Because you want to pretend the problem isn’t human, that the problem is tools used to murder, not murderers. You think you can create a world where murderers walk the streets, but no murders happen, because you took their murder instruments away!

          That’s insane, Fmontyr. Literally insane. Only madmen think the world works that way.

        3. In the real world, murders don’t happen because ordinary people happen to pick up a murder weapon, and it takes control of them and sends them on a killing spree.

          In the real world, murders happen because somebody decides they want to kill, and they find or improvise something that could be used to murder.

          Let me say that again: In the real world, murders happen because somebody wants to kill. Not because there’s a weapon present.

          Come, live in the real world, with the rest of us. And leave behind that fantasy world where people kill because of guns, where inanimate objects tell people what to do, instead of the other way around.

          1. Of some roughly 30,000 gun deaths annually, over half are suicides. Suicides are not categorized as murder but are the intentional ending of one’s life and a gun is most often utilized for this kind of death. Guns are more used for suicides when guns are easily available such as in the home. In domestic violence situations, a gun is far more likely to be used if there is one in the home. When little Bobby finds a gun in the house, little sister Susie is far more likely to be a gun victim than if there were no gun in the house (occurs about 9 times a day in the US). So your thesis that someone dying from gunshots has no relationship to weapons being present is bulls–t.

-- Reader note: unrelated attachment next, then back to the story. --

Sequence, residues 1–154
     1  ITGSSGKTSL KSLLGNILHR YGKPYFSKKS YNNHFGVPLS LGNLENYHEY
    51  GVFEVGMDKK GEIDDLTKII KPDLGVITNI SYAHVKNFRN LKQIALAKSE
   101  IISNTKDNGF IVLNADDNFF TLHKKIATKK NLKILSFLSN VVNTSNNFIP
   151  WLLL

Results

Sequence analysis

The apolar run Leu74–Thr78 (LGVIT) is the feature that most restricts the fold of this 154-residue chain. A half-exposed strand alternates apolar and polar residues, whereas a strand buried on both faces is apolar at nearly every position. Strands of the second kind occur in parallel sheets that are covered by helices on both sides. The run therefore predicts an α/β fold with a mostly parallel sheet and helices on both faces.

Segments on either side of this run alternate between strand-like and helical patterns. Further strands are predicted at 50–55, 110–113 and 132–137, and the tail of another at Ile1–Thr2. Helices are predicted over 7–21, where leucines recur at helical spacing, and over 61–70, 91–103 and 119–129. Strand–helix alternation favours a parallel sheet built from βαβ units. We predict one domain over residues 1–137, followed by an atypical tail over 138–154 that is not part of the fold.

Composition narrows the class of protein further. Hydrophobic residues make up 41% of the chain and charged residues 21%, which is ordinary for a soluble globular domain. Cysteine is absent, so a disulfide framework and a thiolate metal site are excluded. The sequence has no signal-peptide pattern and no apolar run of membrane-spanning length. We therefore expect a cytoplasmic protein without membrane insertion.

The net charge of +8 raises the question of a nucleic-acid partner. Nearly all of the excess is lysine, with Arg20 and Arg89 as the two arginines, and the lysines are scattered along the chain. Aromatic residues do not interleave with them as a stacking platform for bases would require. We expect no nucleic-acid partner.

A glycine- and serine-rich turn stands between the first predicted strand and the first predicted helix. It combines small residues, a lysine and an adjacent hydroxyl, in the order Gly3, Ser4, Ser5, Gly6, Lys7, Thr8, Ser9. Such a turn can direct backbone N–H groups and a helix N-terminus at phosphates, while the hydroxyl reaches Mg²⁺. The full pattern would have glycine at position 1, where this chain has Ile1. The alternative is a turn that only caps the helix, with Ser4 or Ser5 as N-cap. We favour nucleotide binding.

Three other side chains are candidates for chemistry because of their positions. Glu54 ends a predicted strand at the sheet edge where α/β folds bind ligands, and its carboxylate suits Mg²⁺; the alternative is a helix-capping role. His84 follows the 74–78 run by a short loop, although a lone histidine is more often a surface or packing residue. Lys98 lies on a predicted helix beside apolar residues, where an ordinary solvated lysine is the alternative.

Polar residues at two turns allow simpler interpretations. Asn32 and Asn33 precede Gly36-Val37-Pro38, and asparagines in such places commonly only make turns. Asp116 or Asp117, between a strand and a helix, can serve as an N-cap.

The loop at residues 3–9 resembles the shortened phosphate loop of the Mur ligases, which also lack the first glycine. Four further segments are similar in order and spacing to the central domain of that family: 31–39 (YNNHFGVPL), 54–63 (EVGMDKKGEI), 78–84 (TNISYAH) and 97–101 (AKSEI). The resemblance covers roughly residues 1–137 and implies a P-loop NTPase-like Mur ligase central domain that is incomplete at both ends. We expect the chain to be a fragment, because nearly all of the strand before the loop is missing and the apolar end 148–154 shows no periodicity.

You are the one in a fantasy world. People kill with guns because they are available, easy to use, are very lethal and can do their job from a distance. Guns have a purpose and that is to be a highly effective killing instrument. You need to revise your thinking, Brett.

    3. Ultra, you only missed half. Weapons are potentially used for harming others, and for threatening the harm of others. And guess which occurs more frequently? Even military forces, with really big guns, use them much more as threats than in action. And guess what? In the real world (the one where not everybody is a magical sharing, caring fairy), having weapons that serve as threats is a good thing, and prevent violence every day.

      So yes, the gun does make the person–and the threat–more credible, and does not not depend on the size of the person or the crowd. Sounds like a good equation to me.

      1. Earth, you are being just as coy as Brett (see above) in trying to subvert and make non-lethal the true purpose of a gun. If guns only shot soft cotton balls they would not be much of a threat. But guns shoot bullets which can tear living tissue apart and that is why they are perceived to be a threat. Don’t try to fool me and others as we know the real purpose of a gun is to kill living things. It’s LOL since guns cause violence every day as about 90 people die from them every day.